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How to exit a family business

How to exit a family business
Tom Simpson

By Tom Simpson

13 Mar 2024

For family business owners, change is inevitable throughout the lifecycle of your company. Since day one, you’ve worked hard to build a business from the ground up – transforming a vision into reality, navigating challenges, and creating an asset that reflects your values and dedication. Now, you may find yourself contemplating the next step – whether that’s retirement or a new project. But what are your options for exiting the business and moving on?

In this article, we’ll explore the range of exit pathways and strategies for UK business owners. Whether you’re considering passing the torch to the next generation, selling to external investors, or exploring alternative exit routes, we aim to provide you with a comprehensive understanding of your options – ensuring that you preserve your legacy and fully unlock the value you’ve built over the years.

What to consider before exiting a family business

The best approach to exiting a family business depends on your situation. Start by thinking about your desired outcome. What do you want to do with the business?

Many owners pass it on to a family member – a standard and viable strategy. Others sell it to retrieve the capital and any brand equity for retirement. Your reasons will be personal.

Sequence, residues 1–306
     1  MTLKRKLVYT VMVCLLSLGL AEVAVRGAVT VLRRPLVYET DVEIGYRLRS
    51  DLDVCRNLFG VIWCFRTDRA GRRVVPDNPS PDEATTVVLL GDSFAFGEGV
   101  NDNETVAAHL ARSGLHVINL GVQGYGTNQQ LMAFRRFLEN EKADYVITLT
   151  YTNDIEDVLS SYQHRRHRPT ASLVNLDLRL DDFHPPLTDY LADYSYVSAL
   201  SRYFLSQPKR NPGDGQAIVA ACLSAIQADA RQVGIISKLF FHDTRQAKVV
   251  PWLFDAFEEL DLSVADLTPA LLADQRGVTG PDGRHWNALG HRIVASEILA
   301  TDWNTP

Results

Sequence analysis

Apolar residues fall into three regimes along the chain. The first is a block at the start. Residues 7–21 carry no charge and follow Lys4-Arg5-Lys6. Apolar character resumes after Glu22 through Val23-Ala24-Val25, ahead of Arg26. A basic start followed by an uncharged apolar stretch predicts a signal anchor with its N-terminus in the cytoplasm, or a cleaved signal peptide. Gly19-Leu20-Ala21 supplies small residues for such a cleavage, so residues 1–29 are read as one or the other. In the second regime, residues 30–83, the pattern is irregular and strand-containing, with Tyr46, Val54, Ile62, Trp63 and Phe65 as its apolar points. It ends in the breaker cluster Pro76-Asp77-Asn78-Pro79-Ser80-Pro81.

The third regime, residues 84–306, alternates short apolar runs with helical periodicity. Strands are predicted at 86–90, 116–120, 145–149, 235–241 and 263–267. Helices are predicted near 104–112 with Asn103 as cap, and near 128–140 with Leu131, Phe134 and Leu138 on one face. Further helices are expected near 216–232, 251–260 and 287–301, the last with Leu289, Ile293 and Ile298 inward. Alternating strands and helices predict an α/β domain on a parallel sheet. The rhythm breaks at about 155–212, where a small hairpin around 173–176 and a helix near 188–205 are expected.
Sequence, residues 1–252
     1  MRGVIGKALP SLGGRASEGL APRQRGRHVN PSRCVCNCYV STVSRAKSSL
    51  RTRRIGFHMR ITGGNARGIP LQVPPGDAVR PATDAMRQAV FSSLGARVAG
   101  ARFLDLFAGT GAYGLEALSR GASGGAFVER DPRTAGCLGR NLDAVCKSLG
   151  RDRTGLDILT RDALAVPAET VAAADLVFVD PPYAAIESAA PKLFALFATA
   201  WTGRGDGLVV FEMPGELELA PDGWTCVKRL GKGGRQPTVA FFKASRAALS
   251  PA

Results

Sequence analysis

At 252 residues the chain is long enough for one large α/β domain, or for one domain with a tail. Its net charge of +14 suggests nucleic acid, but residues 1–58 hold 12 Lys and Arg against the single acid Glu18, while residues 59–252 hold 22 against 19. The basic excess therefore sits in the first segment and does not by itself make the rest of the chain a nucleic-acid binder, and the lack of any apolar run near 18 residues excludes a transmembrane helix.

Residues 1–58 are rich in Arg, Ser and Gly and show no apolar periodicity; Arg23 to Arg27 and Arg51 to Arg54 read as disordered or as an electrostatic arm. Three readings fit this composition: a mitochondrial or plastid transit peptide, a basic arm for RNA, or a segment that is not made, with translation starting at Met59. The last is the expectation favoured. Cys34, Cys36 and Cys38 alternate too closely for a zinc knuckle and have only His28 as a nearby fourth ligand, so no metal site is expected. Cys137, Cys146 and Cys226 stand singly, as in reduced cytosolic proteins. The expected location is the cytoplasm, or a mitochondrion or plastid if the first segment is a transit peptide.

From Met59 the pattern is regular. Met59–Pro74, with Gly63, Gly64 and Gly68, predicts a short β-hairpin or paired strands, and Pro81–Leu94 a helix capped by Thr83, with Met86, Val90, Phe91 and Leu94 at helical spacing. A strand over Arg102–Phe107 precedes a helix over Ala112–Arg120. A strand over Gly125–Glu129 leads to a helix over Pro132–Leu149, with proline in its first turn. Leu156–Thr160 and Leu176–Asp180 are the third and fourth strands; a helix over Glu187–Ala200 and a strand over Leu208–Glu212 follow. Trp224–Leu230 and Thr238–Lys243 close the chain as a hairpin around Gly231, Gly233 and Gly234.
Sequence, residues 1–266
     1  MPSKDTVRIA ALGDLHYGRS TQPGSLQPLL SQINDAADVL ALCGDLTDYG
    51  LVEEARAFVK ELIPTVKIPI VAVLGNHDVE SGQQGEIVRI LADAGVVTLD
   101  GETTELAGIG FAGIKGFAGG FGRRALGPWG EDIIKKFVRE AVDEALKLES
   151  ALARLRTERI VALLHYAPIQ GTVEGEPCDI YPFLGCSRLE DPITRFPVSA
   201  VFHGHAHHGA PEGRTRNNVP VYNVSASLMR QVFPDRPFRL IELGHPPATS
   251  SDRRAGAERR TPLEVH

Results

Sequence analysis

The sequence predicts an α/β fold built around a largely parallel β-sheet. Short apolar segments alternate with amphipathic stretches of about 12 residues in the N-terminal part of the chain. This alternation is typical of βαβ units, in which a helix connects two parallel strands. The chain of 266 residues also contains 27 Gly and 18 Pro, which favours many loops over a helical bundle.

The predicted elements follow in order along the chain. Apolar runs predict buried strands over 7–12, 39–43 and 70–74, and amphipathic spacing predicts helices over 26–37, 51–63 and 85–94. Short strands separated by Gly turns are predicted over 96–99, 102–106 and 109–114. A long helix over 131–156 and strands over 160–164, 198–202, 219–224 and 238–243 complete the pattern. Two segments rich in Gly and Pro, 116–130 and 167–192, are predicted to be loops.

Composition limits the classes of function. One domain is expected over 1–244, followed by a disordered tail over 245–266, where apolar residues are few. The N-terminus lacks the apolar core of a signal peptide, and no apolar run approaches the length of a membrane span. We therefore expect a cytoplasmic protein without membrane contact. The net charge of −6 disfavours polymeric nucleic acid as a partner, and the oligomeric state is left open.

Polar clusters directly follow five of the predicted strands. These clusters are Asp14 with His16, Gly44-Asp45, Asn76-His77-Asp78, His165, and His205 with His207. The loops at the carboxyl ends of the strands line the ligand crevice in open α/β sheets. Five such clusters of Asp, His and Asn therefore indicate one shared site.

The structure of the business also matters. Handing over a sole proprietorship requires a different process from passing on a limited liability company.

Even family dynamics can play a role. Giving a business to children who don’t get on with each other could jeopardise its long-term success (a cautionary tale from HBO’s award-winning series, Succession).

The financial value of the business is also an essential consideration. You should weigh up selling now against growing the business to make it more valuable in the future.

How to exit a family business – Four options

There are four main options for exiting a family business are selling up, a management buyout, winding up, or passing on to a successor. Let’s take a deeper look at each option.

Business sale

Selling your family business can be an excellent option if you:

  • Want to free up the maximum amount of capital soon
  • Predict a downturn in the industry and can’t adapt to it profitably
  • Need a clean break or to maximise your financial freedom
  • Don’t have any family members willing to take over